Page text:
This section of the game though, as mentioned, caused me a modicum of stress. The absence of challenge and purpose, combined with frustrating controls, lead to me feeling slightly uneasy. It’s when Jettomero blasts into space that a more meditative experience is achieved. The clumsiness of dealing with gravity are forgotten as Jettomero blasts through the cosmos. As planets, stars and suns glide by on the way to the next planet or worm hole, he glides, weaves and spins with delightful abandon and ease. It’s here that I felt a sense of peace and tranquillity, comparable to what I can experience during my daily meditation.
One final aspect of the game’s mechanics to comment on is a slight and simple puzzle game at the end of each ‘section’. These require the player to decode a word puzzle in order to unlock access to a part of Jettomero’s memories. They play out in a comic book style and the story is, surprisingly, both captivating and tragic.
Graphically, Jettomero is delightful. It has a quirky, brightly coloured comic book aesthetic, clearly influenced by the work of Jack Kirby and Mike Mignola. It’s certainly visually arresting, which is why the game includes a well intentioned but rather fiddly photo mode. There’s also a delightful soundtrack, that is chilled and funky, really setting the sci-fi and relaxed tone of the game. Well worth listening to on its own, the soundtrack is something that Koenig is justifiably proud of.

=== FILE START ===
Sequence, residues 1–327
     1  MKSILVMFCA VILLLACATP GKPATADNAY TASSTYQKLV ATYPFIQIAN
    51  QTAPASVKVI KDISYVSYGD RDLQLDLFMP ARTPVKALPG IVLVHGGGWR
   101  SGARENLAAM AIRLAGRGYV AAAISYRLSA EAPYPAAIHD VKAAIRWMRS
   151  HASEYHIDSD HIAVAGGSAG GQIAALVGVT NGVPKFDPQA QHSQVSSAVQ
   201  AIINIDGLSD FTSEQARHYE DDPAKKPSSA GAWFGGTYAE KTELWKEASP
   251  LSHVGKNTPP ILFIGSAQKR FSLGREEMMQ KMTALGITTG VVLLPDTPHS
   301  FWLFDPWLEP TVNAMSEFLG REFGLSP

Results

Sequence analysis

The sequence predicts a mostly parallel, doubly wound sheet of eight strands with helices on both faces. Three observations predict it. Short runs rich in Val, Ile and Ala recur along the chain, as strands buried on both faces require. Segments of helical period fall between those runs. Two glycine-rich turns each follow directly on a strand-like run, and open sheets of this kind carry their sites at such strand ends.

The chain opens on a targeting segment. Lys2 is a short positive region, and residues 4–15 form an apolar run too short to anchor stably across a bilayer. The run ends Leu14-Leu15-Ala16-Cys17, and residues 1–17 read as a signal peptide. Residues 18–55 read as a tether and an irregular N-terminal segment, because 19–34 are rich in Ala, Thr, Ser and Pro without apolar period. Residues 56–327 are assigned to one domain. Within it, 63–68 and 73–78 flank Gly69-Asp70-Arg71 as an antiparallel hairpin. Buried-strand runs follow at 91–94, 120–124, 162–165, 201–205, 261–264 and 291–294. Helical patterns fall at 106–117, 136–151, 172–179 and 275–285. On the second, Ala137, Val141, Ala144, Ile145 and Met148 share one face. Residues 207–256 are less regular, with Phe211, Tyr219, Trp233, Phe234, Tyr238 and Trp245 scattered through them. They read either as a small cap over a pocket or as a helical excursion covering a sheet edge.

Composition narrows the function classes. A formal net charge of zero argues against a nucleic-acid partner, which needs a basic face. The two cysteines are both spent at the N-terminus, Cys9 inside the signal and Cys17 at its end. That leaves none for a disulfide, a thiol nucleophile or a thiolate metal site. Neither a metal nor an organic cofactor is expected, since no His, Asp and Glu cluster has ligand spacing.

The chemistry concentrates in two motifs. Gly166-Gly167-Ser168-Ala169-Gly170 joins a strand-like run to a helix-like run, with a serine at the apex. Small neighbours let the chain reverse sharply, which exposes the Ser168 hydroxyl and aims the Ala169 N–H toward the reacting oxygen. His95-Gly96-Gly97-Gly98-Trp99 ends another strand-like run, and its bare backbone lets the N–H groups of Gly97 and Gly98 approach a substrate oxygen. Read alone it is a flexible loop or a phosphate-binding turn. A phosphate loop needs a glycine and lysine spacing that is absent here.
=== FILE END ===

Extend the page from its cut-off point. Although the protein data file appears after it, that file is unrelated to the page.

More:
The game is slight in length, clocking in at around three hours, but with no traditional narrative and a new procedurally generated universe created on every re-visit, I didn’t find this of any particular issue. What I must mention is the superb trophy implementation. Avoiding tedious trophy gathering tropes such as ‘finish on hard mode’, Jettomero instead rewards the player for having the creativity of attempting weird and bizarre stuff. After trying things like, ‘seeing what happens when an invulnerable robot flies into the sun’ or ‘what happens to a giant robot when it stands on an erupting volcano’, I was delighted to see that the developer was a good few steps ahead of me.
Jettomero: Hero of the Universe is a unique videogame experience and one that you will likely either love or hate. It is not a title that will challenge you with compelling play, but it will provide you with the chance to play. It’s attempts to be a ‘zen experience’ are only half-successful, thanks to some frustrating controls, yet there is an arresting charm to the game that cannot be denied. If you’re looking for a videogame to experience alongside your meditative or mindfulness training, then Jettomero is eminently suitable.
Version Tested: PlayStation 4